In January 1990, one of these killers was caught. He was the "Genesee River Killer" (GRK), the guy who liked to dump his bodies near water. Many of his victims had last been seen walking Lyell Avenue at night. GRK's Rochester crime spree officially began during the fall of 1989 when the bodies of Dorothy Keller and Patricia Ives were discovered dumped in a remote area at the bottom of the Genesee River Gorge. The crimes were eerily similar to the unsolved murder of Dorothy Blackburn, whose body was discovered in the spring of 1988. When police started to keep an eye on the gorge, the killer simply moved his dumping ground. The bodies of downtrodden women decomposed along other county waterways.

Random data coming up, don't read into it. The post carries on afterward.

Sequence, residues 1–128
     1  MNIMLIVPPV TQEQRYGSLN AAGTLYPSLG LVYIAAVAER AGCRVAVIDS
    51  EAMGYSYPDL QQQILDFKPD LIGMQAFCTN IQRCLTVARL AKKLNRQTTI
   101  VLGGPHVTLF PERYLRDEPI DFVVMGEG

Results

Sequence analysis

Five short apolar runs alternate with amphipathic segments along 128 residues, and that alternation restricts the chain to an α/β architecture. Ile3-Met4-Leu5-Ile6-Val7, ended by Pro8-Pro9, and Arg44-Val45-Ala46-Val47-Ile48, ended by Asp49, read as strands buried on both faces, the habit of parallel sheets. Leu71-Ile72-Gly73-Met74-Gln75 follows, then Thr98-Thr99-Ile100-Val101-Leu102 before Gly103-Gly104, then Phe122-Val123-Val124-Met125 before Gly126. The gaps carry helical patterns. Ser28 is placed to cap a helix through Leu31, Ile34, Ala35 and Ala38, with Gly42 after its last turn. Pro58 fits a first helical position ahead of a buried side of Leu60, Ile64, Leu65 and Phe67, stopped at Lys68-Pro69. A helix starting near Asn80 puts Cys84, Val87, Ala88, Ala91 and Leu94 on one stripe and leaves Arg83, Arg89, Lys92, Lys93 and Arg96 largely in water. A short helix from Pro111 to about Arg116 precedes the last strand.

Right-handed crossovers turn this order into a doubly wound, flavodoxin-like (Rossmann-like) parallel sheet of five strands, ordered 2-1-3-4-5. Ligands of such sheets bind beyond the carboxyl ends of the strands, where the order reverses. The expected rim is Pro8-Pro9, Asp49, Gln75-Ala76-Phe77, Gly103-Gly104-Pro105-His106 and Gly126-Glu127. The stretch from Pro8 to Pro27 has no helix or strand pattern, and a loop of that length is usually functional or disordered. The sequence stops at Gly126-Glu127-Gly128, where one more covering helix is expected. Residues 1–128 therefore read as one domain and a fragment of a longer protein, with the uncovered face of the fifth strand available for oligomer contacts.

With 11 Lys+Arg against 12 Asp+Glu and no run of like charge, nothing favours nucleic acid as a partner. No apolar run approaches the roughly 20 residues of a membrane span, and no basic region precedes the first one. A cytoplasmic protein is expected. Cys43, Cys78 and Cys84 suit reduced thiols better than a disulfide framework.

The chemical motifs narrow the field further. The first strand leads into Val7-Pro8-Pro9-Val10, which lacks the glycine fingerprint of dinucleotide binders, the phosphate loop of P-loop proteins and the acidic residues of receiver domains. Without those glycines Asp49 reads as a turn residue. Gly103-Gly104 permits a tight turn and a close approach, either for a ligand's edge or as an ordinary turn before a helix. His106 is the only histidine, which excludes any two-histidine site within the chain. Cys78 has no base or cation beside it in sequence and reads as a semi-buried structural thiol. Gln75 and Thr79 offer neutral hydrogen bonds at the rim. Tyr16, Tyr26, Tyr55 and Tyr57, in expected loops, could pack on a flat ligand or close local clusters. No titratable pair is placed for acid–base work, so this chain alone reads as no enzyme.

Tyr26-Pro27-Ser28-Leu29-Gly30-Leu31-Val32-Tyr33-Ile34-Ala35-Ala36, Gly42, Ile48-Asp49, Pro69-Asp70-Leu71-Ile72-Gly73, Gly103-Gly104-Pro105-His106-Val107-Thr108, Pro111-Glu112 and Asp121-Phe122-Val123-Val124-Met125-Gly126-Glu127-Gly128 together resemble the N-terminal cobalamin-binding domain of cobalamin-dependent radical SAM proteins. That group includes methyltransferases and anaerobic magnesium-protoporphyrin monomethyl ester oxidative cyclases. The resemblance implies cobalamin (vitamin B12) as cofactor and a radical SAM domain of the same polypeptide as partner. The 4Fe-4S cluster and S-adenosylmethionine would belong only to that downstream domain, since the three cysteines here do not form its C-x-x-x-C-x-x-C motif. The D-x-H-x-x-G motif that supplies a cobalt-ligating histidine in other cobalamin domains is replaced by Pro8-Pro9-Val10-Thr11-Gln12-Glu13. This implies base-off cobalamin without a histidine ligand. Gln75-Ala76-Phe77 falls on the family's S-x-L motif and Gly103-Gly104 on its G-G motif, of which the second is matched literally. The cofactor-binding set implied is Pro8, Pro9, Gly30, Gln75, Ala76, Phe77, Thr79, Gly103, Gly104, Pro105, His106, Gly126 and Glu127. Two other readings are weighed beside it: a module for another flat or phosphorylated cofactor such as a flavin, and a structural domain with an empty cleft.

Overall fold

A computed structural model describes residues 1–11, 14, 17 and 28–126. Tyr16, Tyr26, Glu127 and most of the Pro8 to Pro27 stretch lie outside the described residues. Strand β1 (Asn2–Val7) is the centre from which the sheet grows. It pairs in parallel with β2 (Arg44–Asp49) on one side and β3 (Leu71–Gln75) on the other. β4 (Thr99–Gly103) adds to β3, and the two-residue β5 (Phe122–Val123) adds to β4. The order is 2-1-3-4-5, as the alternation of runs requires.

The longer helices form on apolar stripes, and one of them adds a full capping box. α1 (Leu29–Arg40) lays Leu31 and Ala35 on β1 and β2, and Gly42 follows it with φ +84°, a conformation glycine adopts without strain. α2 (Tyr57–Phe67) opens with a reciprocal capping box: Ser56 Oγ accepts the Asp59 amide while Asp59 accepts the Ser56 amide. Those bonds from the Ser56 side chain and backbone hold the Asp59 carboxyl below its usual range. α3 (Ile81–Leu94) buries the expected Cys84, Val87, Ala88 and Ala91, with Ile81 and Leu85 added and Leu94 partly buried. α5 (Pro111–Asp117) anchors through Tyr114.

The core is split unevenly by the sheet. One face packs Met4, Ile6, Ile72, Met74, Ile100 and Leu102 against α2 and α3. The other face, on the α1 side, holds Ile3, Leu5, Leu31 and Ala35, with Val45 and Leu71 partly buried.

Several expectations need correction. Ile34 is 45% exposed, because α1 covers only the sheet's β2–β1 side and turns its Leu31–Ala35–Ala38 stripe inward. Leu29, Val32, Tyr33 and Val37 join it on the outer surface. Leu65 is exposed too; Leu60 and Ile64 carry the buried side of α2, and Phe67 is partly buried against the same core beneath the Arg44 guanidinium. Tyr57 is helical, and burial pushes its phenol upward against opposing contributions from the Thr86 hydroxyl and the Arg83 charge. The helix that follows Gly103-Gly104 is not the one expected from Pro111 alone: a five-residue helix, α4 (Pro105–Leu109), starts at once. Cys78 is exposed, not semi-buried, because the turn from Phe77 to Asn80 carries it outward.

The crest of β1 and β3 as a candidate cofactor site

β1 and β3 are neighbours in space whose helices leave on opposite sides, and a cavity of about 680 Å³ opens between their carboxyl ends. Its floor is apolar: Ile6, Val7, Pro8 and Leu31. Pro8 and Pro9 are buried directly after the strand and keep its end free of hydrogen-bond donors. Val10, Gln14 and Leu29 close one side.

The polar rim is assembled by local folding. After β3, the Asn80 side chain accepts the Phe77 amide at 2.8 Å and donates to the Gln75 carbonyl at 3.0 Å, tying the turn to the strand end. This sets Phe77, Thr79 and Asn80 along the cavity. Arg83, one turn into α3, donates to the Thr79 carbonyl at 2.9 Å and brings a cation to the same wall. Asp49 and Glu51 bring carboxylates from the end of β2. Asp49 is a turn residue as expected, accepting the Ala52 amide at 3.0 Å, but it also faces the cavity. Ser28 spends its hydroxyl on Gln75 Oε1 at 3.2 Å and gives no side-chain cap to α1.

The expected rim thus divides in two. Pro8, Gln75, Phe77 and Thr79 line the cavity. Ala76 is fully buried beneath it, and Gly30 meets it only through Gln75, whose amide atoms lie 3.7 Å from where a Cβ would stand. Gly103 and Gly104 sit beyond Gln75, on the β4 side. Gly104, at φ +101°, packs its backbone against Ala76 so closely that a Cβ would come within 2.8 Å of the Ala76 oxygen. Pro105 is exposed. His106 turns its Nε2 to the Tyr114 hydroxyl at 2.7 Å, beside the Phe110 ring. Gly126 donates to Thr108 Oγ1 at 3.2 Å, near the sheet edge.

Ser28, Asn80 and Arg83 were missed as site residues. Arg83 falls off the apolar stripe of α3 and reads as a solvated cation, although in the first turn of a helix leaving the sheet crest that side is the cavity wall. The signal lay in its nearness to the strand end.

January 3, 1990, was an icy winter day, the ground white with "lake effect" snow. On that day, police found a pair of female jeans and the ID for a missing woman in Monroe County's rural outskirts, but they didn't tell the public. Instead, they staked out the area in hopes the killer would return to the scene. It wasn't long before they hit pay dirt.
On January 5, a policeman with binoculars aboard a police chopper spotted a man standing near the spot where the items were found. The man stood beside a creek, with his penis out. Seeing the helicopter circling overhead, the man put his member back in his trousers, got in his car, and left the scene. He didn't get far. He was soon tracked down by police on the ground. When asked what he was doing with his penis out, he said he was "trying to pee in a bottle." Police asked him to come downtown and answer a few questions, and he said okay. He told police his name was Arthur J. Shawcross, and he was subjected to intense questioning.